Ann Budge blasts critics and says Hearts players want to support club

Suggesting some former footballers have an exaggerated perception of privilege, Hearts owner Ann Budge has hit back at the outrage that greeted her decision to slash staff wages by 50 per cent and reported that “fortunately, our players do not appear to have that same sense of entitlement”, insisting that “they want to do what they can to support the Club”.
Hearts owner Ann Budge has defended her transparent approach to the issue of salary cuts at Tynecastle. Picture: SNSHearts owner Ann Budge has defended her transparent approach to the issue of salary cuts at Tynecastle. Picture: SNS
Hearts owner Ann Budge has defended her transparent approach to the issue of salary cuts at Tynecastle. Picture: SNS

Hearts employees, like many around the country, have had to swallow a bitter pill due to the coronavirus pandemic and Budge said there was no way to sweeten the 

But she maintained that it was necessary and, in a statement issued yesterday, she has hit out at critics who have taken pot-shots, some of whom have simply been acerbic and others who have perhaps proved more willfully and maliciously ignorant and insisted it was important, as the head of the business, to “treat all employees, regardless of status or roles, fairly and equitably”. “Since announcing the proposed implementation of a substantial wage cut across all staff, coaches and players, the media pundits have been scathing in their criticism of apparent financial mis-management; clear indications of panicking; and the very suggestion that players should take a cut in wages is clearly a concept they don’t even begin to grasp (possibly, because so many of them are themselves, former players). Fortunately, our players do not appear to have this same sense of entitlement,” she said.

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Shortly after Scottish football was put into cold storage, and along with the administrative staff, the Gorgie players were informed that they could either accept the temporary cut, which would be less for some employees, to ensure everyone remained above the minimum wage, or they could cancel their contracts and walk away.

Many have already chosen to reduce their pay, including manager Daniel Stendel, his assistant Jorg Sievers and captain Steven Naismith. Defender Clevid Dikamona chose to void his contract so he could return to France to be with his family during the shutdown, but says he may return.

But there was an external backlash when it was revealed that the club were still actively contacting agents about possible signing targets and assuring them that money would be available.

The suggestion from some was that the club were considering bringing in big earners to work alongside players who had opted to half their wages, adding fuel to an already difficult situation. But, while the optics were not great and the situation was open to misinterpretation by her critics, Budge said it is simply forward planning, with new players being targeted for when football resumes, not to take up another wage during a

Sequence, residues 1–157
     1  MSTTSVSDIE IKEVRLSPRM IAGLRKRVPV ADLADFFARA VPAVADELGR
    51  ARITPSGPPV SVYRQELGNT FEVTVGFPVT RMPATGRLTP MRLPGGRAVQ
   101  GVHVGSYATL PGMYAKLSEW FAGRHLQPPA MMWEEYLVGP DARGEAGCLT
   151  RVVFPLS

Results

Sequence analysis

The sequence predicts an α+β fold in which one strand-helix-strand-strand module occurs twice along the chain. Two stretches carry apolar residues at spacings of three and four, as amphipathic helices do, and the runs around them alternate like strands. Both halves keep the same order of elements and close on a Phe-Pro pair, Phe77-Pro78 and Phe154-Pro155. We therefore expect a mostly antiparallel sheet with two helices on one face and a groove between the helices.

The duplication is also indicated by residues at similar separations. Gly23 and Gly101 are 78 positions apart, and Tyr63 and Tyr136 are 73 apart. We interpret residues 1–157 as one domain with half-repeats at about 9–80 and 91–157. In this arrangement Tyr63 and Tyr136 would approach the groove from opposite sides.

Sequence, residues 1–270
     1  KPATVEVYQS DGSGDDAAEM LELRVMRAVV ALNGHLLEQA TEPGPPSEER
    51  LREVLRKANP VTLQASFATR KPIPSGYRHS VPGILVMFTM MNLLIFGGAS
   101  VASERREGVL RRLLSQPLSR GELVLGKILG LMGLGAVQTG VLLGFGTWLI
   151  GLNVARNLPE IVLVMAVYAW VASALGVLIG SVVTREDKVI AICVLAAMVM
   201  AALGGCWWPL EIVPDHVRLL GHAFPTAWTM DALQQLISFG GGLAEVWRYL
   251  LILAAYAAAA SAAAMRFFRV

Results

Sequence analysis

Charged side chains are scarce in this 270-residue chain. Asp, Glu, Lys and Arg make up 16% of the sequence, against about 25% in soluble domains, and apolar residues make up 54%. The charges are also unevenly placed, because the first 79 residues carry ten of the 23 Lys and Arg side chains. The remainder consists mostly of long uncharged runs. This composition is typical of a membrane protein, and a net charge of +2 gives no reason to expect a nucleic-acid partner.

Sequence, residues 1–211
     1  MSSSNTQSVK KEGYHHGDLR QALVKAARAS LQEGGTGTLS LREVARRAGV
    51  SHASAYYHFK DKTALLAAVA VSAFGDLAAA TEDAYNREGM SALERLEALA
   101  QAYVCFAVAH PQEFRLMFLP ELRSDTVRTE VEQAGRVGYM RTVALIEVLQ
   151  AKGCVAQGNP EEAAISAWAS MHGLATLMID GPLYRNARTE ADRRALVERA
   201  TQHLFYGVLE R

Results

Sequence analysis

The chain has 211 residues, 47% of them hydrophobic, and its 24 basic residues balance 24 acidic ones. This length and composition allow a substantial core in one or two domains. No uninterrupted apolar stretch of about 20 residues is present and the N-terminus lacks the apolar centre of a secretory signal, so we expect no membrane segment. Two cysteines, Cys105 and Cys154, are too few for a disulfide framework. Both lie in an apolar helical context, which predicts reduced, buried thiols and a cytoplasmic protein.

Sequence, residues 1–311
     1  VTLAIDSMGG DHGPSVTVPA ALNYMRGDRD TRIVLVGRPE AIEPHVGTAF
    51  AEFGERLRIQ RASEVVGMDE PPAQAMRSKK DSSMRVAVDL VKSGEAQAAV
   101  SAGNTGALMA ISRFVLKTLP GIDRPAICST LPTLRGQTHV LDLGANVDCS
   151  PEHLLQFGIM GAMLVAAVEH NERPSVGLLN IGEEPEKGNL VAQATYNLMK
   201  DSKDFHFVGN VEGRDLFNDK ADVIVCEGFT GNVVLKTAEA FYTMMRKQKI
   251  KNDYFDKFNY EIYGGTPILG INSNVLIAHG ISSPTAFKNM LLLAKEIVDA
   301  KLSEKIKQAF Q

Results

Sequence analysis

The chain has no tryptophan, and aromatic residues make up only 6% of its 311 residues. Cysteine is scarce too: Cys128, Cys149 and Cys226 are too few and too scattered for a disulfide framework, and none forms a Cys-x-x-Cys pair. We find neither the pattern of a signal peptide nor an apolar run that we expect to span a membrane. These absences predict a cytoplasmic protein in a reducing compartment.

“Much has been made of an email, sent by our head of player recruitment, to agents with regard to potential recruitment requirements once football resumes. We must continue to plan for football returning and make sure we are in the strongest possible position when that happens.

“I would, however, like to make it clear there is no pot of money sitting in the bank that could be going towards player or employee wages and there is certainly no intention of paying transfers fees under the current circumstances,” added Budge.

Defending her transparent approach with all the staff, she added: “I addressed a full gathering of players, coaches and backroom staff and explained the severity of the situation following the shutdown of football... I explained the immediate/short-term implications in financial terms, and stressed that despite what was being said publicly, the consensus, among most people involved in running football clubs in Scotland, was that football was not likely to start again until late July/early August.

“Faced with this unprecedented set of circumstances, it is incumbent upon all employers to be totally upfront and open with their staff. They, too, have to be able to plan,” said Budge, who added it had been important to react swiftly, “not to create panic, but to give everyone time to plan and consider their own circumstances. Cost-cutting is going to come and I see no point in sugar-coating this news.

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“I asked all employees to stand together to ensure we can survive the next few months. Their response has been amazing. Most of the staff agreed immediately. Given the added complexities around players’ contracts and the wide range of personal circumstances, a number of 
players are still reviewing their situations. However, I believe we will reach a good outcome as I know they want to do what they can to support the Club.”